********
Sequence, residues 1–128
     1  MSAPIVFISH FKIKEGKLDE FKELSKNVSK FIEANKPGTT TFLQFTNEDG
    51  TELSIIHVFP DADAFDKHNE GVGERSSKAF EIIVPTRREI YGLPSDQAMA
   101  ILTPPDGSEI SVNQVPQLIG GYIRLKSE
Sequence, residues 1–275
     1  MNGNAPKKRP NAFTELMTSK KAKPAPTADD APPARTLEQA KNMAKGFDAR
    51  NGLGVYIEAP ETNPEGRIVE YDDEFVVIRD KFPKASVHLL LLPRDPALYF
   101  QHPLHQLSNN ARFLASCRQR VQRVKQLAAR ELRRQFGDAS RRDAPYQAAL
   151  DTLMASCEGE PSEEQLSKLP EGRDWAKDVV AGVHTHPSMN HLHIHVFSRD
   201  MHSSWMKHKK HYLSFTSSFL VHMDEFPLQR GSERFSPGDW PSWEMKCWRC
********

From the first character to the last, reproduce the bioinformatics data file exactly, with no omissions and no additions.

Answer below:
Sequence, residues 1–128
     1  MSAPIVFISH FKIKEGKLDE FKELSKNVSK FIEANKPGTT TFLQFTNEDG
    51  TELSIIHVFP DADAFDKHNE GVGERSSKAF EIIVPTRREI YGLPSDQAMA
   101  ILTPPDGSEI SVNQVPQLIG GYIRLKSE
Sequence, residues 1–275
     1  MNGNAPKKRP NAFTELMTSK KAKPAPTADD APPARTLEQA KNMAKGFDAR
    51  NGLGVYIEAP ETNPEGRIVE YDDEFVVIRD KFPKASVHLL LLPRDPALYF
   101  QHPLHQLSNN ARFLASCRQR VQRVKQLAAR ELRRQFGDAS RRDAPYQAAL
   151  DTLMASCEGE PSEEQLSKLP EGRDWAKDVV AGVHTHPSMN HLHIHVFSRD
   201  MHSSWMKHKK HYLSFTSSFL VHMDEFPLQR GSERFSPGDW PSWEMKCWRC